I feel like I should start this blog like the beginning of Star Wars, “Long ago, in a galaxy far away…“ Back in 2013, when insurance was less complicated, the US Wound Registry provided data for a medical student project under the supervision of Dr. Adelaide Hebert, Department of Dermatology at the University of Texas Health Science Center, Houston. Medical student Tiffany Crenwelge analyzed the data. The goal was to evaluate whether payer status impacted the use of Cellular and/or Tissue Based Products (CTPs) in a selected group of wound centers.

We wanted to determine whether patients who had Medicare Fee For Service (FFS) PLUS a secondary insurance (to cover the 20% of cost not covered by Medicare) received CTPs at a different rate for chronic leg/foot ulcers than patients with Medicare ONLY, since the latter would have been responsible for 20% of the charges. We did not analyze data from patients with private insurance, because they were subject to complex prior authorization and a variety of out-of-pocket costs, or self-pay patients. De-identified data pertaining on patients with lower extremity ulcers was transferred to an Excel spreadsheet for analysis.

We used data from a consortium of 5 hospital-based outpatient wound centers closely grouped geographically in the northeastern USA and operated under the direction of a small wound management company which had a protocolized approach to leg/foot ulcer patients. Uniquely, all physicians were employees of the hospital and were compensated on a fixed salary. This removed any financial incentive to utilize interventions on the basis of their potential revenue generation for the physician. This seemed an ideal environment in which to evaluate whether insurance type affects patient treatment decisions for costly healthcare interventions like CTPs, which were then called “bioengineered skin.”

In 2013, the patient-responsible portion for a CTP application was approximately $350.

Data Overview

  • Date range: 9/28/2011 – 12/31/2012
  • Total leg/foot ulcer patients: 5,487
    • Number of Diabetic Foot Ulcers (DFUs): 851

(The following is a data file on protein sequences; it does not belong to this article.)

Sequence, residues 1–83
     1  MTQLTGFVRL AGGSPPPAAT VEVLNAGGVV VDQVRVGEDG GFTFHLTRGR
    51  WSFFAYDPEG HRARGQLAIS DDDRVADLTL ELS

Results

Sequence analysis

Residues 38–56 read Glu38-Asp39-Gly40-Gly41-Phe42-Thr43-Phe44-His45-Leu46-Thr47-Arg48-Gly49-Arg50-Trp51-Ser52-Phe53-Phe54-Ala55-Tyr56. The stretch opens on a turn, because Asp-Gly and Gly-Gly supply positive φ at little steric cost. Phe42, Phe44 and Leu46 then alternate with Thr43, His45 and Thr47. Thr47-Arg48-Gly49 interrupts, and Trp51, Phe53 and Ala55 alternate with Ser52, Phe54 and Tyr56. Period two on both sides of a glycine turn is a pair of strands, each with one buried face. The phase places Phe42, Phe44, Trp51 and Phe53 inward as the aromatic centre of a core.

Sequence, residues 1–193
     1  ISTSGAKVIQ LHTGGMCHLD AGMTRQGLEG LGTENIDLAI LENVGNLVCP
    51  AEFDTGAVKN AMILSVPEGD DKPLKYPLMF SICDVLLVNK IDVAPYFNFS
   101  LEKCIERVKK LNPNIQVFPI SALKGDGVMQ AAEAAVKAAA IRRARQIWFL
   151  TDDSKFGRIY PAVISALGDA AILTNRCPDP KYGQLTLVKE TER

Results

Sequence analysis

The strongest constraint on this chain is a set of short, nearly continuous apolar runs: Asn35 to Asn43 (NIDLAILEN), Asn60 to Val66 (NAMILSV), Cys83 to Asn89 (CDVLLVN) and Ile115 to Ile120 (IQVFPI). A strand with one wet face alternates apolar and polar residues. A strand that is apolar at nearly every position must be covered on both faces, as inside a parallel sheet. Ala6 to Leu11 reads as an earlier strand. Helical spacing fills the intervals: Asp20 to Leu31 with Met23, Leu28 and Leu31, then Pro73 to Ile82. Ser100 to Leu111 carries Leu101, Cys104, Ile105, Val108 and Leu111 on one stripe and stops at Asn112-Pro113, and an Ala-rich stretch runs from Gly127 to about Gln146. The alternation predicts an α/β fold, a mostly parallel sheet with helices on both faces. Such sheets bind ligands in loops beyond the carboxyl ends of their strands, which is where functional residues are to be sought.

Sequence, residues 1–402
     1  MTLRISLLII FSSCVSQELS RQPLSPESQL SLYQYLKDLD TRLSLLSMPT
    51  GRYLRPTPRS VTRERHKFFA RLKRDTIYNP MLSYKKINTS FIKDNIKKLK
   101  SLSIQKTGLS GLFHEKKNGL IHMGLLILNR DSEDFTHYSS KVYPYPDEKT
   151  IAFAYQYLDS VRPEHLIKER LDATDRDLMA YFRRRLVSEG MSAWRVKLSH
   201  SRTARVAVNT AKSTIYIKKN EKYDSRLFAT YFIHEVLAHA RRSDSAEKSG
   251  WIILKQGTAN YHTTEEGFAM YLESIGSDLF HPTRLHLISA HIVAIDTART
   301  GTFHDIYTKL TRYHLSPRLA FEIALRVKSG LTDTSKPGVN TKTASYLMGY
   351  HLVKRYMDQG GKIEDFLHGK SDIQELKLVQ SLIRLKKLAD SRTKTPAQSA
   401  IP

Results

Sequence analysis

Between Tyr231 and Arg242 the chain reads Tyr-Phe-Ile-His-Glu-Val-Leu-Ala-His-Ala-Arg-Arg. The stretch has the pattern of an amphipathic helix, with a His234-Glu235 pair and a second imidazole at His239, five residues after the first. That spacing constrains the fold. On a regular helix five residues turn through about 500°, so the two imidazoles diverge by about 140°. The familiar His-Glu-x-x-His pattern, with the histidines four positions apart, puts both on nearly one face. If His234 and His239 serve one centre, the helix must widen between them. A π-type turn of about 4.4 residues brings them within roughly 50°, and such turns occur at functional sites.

• Number of Venous Leg Ulcers (VLUs): 1,847
  • Number of patients receiving CTPs: 169 (3% of total)
  • % of CTP-treated patients with (Medicare + Secondary) (no copay): 36%
  • % of CTP-treated patients with (Medicare ONLY) (patients would have been responsible for the 20% copay): 1.8%
    • Only one patient each with a DFU or VLU underwent a CTP treatment if they had Medicare ONLY, without a secondary insurance.


This was a tiny study designed for a medical student to learn to analyze a problem. However, it appears to show that in a clinic setting with uniform practice patterns, among patients cared for by physicians on a straight salary, patients whose care was covered by Medicare ONLY (and who were responsible for their 20% co-pay), were much less likely to undergo treatment with a CTP than patients whose 20% copay was covered by a secondary payer. We do not know whether Medicare ONLY patients were less likely to be offered treatment, or whether they refused it for monetary reasons.

There has long been concern that payer status influences access to CTPs. This seems a valid area of concern since under an episode of care model, the total amount of the patient-responsible portion will dramatically increase.

The possible dirty secret list has gotten longer now that Medicare Advantage plans are deciding who gets treated and with what product (some of them just say “no”), and patient out-of-pocket is generally higher than ever and also highly variable. We never really talk about this issue.

Darlene Carey, Chief Operations Officer, Precision Healthcare, was instrumental in conducting the project.

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